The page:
• Interviews

Filmmakers Felix van Groeningen and Charlotte Vandermeersch – Podcast Golden Globes Around The World


Belgian filmmakers Felix van Groeningen and Charlotte Vandermeersch weren’t expecting to win the top Jury Prize when they showed their film, The Eight Mountains, at the Cannes Film Festival this year.

So much so, that the real-life couple had left France the day before the award ceremony and were hurriedly summoned back with only hours to spare before accepting the prize.

“It was a little bit absurd, but we didn’t expect it and we didn’t want to bet on it and stay around in Cannes,” co-writer and co-director Charlotte Vandermeersch tells HFPA Belgium journalist, Greet Ramaekers, in this episode of Golden Globes Around the World.

“So, we were just home and then we got the news and then getting to Cannes on very short notice; barely finding a flight; getting prepared at the airport; then on the plane doing some makeup; then straight to the red carpet for a beautiful night, because you’re sitting in this huge theater, and you know you’re going to get something, but you don’t know what,” she adds. “That it was the Jury Prize, we couldn’t have been happier.”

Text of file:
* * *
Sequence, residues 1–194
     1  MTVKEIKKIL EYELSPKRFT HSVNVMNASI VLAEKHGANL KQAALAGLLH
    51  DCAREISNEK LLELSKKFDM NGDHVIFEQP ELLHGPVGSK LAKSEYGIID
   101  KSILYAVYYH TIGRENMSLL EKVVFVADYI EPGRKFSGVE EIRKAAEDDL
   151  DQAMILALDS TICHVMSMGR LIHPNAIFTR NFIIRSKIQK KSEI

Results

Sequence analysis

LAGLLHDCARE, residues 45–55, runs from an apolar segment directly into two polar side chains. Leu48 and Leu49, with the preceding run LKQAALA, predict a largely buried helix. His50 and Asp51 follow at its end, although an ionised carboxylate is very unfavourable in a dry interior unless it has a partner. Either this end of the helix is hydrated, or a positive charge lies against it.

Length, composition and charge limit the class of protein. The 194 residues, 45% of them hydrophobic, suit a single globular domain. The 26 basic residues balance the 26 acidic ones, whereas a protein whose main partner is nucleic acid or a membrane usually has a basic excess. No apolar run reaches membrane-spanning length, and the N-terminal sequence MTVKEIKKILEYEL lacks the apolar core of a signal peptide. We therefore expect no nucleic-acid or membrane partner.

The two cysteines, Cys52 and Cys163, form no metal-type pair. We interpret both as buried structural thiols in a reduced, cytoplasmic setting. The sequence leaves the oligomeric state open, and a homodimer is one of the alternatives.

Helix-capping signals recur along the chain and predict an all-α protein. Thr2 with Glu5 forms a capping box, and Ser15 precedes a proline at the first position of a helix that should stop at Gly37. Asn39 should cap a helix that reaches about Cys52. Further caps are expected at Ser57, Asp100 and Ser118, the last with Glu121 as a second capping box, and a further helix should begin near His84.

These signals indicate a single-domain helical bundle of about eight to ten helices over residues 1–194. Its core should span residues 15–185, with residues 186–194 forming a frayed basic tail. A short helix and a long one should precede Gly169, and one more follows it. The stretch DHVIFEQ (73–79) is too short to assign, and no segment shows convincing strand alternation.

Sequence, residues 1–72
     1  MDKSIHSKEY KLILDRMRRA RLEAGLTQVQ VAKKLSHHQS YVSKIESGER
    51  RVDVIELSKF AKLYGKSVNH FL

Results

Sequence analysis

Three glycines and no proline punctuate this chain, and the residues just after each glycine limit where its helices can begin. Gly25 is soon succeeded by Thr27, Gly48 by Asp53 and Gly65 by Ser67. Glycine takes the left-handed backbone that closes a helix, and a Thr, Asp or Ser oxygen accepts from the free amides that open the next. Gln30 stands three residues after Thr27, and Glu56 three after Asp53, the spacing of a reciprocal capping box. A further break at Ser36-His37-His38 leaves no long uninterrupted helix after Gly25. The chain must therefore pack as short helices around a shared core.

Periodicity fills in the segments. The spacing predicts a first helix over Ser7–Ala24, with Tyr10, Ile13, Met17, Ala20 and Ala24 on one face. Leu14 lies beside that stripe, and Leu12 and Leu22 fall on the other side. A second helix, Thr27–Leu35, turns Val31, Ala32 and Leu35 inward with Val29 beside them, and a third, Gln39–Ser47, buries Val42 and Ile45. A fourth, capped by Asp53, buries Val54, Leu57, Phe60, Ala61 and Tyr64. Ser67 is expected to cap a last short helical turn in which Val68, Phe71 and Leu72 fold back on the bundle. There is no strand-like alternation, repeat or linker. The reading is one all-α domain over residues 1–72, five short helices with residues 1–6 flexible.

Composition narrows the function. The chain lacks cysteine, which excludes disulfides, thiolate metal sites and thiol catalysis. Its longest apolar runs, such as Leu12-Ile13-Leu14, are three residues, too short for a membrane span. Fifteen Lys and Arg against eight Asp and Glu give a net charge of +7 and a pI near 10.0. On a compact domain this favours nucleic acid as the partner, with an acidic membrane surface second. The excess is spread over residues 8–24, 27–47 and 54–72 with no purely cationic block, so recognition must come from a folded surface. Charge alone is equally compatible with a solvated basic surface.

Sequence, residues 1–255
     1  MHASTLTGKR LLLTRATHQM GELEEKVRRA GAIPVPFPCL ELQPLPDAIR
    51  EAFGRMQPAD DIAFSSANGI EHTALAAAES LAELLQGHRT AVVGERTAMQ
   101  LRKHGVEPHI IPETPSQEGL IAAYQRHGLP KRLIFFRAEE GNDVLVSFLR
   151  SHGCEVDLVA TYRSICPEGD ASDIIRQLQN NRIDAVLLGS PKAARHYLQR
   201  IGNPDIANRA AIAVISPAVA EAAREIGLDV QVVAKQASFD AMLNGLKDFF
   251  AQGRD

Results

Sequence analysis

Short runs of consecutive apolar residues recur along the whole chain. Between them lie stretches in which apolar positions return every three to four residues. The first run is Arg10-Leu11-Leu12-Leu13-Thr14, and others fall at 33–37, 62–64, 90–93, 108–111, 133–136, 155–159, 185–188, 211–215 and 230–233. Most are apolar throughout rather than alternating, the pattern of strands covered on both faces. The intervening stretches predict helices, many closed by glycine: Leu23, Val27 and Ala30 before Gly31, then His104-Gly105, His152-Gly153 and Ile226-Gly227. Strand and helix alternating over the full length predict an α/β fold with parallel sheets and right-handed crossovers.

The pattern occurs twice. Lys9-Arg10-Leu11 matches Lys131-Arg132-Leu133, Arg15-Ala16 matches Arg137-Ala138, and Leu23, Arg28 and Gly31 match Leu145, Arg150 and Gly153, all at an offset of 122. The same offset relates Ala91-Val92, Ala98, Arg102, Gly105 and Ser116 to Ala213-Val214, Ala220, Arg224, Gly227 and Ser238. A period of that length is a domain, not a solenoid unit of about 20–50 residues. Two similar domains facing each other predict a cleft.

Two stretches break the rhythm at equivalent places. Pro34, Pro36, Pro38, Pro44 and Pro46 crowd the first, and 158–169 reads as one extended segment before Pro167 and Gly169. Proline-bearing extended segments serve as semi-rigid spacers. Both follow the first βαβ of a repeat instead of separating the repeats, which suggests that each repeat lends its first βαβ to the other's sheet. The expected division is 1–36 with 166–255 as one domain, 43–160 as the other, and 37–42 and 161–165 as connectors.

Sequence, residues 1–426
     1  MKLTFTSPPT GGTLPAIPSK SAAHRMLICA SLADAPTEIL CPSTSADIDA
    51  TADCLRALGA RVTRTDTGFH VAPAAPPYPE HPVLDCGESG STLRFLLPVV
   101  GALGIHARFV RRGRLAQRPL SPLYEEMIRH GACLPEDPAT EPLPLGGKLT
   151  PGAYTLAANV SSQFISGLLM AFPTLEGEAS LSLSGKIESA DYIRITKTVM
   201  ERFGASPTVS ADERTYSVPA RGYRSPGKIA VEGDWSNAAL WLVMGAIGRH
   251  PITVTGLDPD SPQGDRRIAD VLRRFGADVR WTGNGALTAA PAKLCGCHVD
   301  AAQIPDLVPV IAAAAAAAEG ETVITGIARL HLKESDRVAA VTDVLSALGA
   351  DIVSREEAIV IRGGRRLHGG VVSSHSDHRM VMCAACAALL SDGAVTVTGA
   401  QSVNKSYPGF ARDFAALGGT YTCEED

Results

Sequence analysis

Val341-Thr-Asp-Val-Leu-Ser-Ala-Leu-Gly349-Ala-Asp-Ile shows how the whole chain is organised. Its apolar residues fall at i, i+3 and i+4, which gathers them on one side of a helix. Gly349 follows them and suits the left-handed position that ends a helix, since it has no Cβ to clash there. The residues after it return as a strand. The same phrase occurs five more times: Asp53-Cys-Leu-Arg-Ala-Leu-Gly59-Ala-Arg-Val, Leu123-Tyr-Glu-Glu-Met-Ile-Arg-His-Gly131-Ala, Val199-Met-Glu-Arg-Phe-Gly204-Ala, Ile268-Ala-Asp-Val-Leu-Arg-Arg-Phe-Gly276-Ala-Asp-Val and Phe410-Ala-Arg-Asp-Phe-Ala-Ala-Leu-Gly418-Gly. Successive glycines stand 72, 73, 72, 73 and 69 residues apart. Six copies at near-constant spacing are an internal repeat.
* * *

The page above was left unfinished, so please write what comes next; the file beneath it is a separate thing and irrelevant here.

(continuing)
The Eight Mountains is based on the best-selling Italian novel by Paolo Cognetti and follows two boys who grow up as best friends in a small mountain village. One moves to the city while the other remains behind and through the twists and turns their lives take, they discover what it means to be true friends as their destinies unfold. 

Yes, not only did the real-life couple who co-wrote the 2012 Oscar-nominated film The Broken Circle Breakdown test their relationship by co-directing for the first time – a decision they confess in the podcast probably saved their relationship – but they chose a project in a language they didn’t even speak.

“When the book was presented to me, it was proposed as a possible international project to be done in English,” admits van Groeningen, who previously directed The Broken Circle Breakdown and the 2018 Beautiful Boy, starring Timothée Chalamet and Steve Carell. “But I was really clear in my mind when I read the book that I wanted to do this film, but I had to do it in Italian even though we didn’t speak Italian. It just didn’t make sense for me to change it, because everything was so authentic about it, and it was incredible that the Italian producers gave us that trust and thought it made sense that Belgian directors could make a film in Italy in Italian with Italian actors.”